To produce such stably or transiently transfected cells, the cells should be transfected with a sufficient concentration of subtype-encoding nucleic acids to form human metabotropic glutamate receptors indicative of the human subtypes encoded by the heterologous DNA. The precise amounts of DNA encoding the subtypes may be empirically determined and optimized for a particular subtype, cells and assay conditions. Recombinant cells that express metabotropic glutamate receptors containing subtypes encoded only by the heterologous DNA or RNA are especially preferred.
Heterologous DNA may be maintained in the cell as an episomal element or may be integrated into chromosomal DNA of the cell. The resulting recombinant cells may then be cultured or subcultured (or passaged, in the case of mammalian cells) from such a culture or a subculture thereof. Methods for transfection, injection and culturing recombinant cells are known to the skilled artisan. Similarly, the human metabotropic glutamate receptor subtypes may be purified using protein purification methods known to those of skill in the art. For example, antibodies or other ligands that specifically bind to one or more subtypes may be used for affinity purification of a given metabotropic glutamate receptor subtype.
As used herein, heterologous or foreign DNA and RNA are used interchangeably and refer to DNA or RNA that does not occur naturally as part of the genome of the cell in which it is present or to DNA or RNA which is found in a location or locations in the genome that differ from that in which it occurs in nature. Typically, heterologous or foreign DNA and RNA refers to DNA or RNA that is not endogenous to the host cell and has been artificially introduced into the cell. Examples of heterologous DNA include DNA that encodes a human metabotropic glutamate receptor subtype, DNA that encodes RNA or proteins that mediate or alter expression of endogenous DNA by affecting transcription, translation, or other regulatable biochemical processes, and the like. The cell that expresses heterologous DNA may contain DNA encoding the same or different expression products. Heterologous DNA need not be expressed and may be integrated into the host cell genome or maintained episomally.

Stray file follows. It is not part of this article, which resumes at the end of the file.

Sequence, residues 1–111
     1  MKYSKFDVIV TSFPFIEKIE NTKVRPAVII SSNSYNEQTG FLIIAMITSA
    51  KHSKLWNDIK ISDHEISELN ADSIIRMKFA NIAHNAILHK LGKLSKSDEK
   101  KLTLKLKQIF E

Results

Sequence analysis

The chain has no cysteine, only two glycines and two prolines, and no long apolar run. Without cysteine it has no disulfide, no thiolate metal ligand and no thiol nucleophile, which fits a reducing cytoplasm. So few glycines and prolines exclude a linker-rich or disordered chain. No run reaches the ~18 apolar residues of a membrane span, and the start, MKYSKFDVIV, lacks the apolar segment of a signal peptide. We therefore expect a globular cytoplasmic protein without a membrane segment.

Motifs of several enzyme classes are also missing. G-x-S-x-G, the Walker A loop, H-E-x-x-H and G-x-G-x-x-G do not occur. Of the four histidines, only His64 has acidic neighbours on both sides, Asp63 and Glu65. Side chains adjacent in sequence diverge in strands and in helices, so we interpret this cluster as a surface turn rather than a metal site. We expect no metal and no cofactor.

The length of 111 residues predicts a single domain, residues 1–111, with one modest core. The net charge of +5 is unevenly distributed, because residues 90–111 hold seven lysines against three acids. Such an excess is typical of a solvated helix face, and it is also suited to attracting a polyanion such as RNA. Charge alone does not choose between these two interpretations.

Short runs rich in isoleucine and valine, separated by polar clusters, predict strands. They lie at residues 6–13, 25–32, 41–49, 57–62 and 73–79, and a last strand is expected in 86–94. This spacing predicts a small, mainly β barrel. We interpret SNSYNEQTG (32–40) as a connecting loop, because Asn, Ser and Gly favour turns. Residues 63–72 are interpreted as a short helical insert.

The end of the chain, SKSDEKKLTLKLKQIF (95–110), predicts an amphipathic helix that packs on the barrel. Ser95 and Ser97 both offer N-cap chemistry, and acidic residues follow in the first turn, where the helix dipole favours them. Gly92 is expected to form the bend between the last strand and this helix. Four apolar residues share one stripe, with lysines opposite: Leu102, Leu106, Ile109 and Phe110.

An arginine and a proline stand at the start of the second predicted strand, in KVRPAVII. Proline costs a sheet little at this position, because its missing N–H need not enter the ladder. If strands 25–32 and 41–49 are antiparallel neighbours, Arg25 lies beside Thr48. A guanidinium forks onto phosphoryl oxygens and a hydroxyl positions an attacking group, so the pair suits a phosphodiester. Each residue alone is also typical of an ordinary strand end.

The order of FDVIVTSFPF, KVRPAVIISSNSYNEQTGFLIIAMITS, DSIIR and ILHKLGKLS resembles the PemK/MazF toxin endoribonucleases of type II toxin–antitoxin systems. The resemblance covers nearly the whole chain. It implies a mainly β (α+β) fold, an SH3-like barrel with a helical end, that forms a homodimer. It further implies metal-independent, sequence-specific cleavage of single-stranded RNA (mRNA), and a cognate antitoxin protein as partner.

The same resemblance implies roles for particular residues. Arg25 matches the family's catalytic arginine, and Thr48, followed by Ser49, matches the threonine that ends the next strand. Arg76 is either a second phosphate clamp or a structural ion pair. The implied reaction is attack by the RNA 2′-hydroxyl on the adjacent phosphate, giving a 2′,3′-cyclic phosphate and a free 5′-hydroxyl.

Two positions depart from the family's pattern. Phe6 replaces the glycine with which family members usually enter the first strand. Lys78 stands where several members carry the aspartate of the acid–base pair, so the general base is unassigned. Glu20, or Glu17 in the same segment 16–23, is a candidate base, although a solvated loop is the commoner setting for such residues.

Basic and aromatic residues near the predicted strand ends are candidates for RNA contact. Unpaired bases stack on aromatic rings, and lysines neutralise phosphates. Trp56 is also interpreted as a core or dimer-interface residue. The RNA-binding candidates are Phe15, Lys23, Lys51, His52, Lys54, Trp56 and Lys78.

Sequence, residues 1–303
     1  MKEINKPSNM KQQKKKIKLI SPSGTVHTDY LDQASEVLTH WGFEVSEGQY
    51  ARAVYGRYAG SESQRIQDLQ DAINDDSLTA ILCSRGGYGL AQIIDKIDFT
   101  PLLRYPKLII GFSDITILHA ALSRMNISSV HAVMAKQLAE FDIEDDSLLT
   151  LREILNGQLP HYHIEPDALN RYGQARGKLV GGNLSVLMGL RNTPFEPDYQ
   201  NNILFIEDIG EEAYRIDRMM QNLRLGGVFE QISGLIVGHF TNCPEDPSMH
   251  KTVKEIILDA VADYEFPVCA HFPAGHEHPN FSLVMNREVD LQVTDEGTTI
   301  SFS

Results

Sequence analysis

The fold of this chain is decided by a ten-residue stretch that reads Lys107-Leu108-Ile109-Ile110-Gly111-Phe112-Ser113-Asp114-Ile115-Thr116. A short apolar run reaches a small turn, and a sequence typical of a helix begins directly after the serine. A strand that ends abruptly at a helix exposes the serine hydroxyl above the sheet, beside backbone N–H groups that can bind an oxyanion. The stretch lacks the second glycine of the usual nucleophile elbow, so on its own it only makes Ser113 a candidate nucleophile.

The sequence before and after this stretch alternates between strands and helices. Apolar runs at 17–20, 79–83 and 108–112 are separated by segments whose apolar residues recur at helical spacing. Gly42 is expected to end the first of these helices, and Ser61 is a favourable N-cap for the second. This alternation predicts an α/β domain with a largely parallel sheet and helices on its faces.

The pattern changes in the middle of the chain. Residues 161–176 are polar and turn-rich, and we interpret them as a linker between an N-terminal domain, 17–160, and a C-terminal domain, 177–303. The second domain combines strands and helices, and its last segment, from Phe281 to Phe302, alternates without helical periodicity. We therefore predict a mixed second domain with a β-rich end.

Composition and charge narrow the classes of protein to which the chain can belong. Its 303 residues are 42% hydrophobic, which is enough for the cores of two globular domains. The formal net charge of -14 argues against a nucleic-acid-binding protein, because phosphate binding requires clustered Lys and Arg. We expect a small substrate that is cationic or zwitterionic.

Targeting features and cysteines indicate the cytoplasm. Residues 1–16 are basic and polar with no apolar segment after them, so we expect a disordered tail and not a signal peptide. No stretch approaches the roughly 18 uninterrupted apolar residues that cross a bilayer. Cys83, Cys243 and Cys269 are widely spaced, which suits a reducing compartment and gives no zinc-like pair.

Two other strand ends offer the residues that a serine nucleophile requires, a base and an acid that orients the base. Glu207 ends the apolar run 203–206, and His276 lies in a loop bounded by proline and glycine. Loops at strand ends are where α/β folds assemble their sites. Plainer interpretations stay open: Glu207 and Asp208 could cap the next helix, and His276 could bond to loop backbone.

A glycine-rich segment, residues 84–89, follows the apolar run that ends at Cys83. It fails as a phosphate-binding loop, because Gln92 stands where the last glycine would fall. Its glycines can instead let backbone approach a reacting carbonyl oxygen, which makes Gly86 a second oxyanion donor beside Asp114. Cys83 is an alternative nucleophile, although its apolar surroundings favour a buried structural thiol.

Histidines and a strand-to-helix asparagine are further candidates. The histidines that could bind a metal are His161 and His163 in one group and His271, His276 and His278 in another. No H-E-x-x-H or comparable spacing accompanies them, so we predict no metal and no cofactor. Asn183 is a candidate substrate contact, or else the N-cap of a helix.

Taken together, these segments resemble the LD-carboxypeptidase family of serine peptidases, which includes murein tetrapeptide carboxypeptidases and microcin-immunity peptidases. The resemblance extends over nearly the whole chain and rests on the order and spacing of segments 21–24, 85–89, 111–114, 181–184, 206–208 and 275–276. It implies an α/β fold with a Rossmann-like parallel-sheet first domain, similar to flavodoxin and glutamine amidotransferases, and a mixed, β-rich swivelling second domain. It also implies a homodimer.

Those of skill in the art can readily identify a variety of assays which can be used to detect the expression of functional mGluRs. Examples include PI turnover assays see, e.g., Nakajima et al., J. Biol. Chem. 267:2437-2442 (1992) and Example 3.C.2!, cAMP assays see, e.g., Nakajima et al., supra and Example 3.C.4.!, calcium ion flux assays see, e.g., Ito et al., J. Neurochem. 56:531-540 (1991) and Example 3.C.1!, cGMP assays see, e.g., Steiner et al., J. Biol. Chem 247:1106-1113 (1972)!, arachidonic acid release assays see, e.g., Felder et al., J. Biol. Chem. 264:20356-20362 (1989)!, and the like. In addition, cation-based assays (as described herein) can be employed for monitoring receptor-induced changes in intracellular cyclic nucleotide levels. Such assays employ host cells expressing cyclic nucleotide-gated ion channels. These channels, which occur in, for example, rod photoreceptor cells, olfactory cells and bovine kidney cells (see, for example, Kaupp et al., in Nature 342:762-766 (1989), Dhallen et al., in Nature 347:184-187 (1990) and Biel et al., in Proc. Natl. Acad. Sci. USA 91:3505-3509 (1994), are permeable to cations upon activation by binding of cAMP or cGMP. Thus, in the invention assay, host cells expressing endogenous or recombinant cyclic nucleotide-gated channels are transfected (or injected) with nucleic acids encoding receptors suspected of influencing cyclic nucleotide levels (e.g., metabotropic glutamate receptor-encoding DNA), and then monitored for changes in the amount of cyclic nucleotide activation of the channels. Measuring changes in cyclic nucleotide activation of channels allows one to indirectly identify as functional those receptors that cause a change in cAMP or cGMP levels when activated. The change in the amount of activation of the cyclic nucleotide-gated channels can be determined by measuring ion flux through the channel either by electrophysiological measurement of currents or by measuring a change in intracellular cation levels (e.g., by fluorescence measurement of intracellular calcium).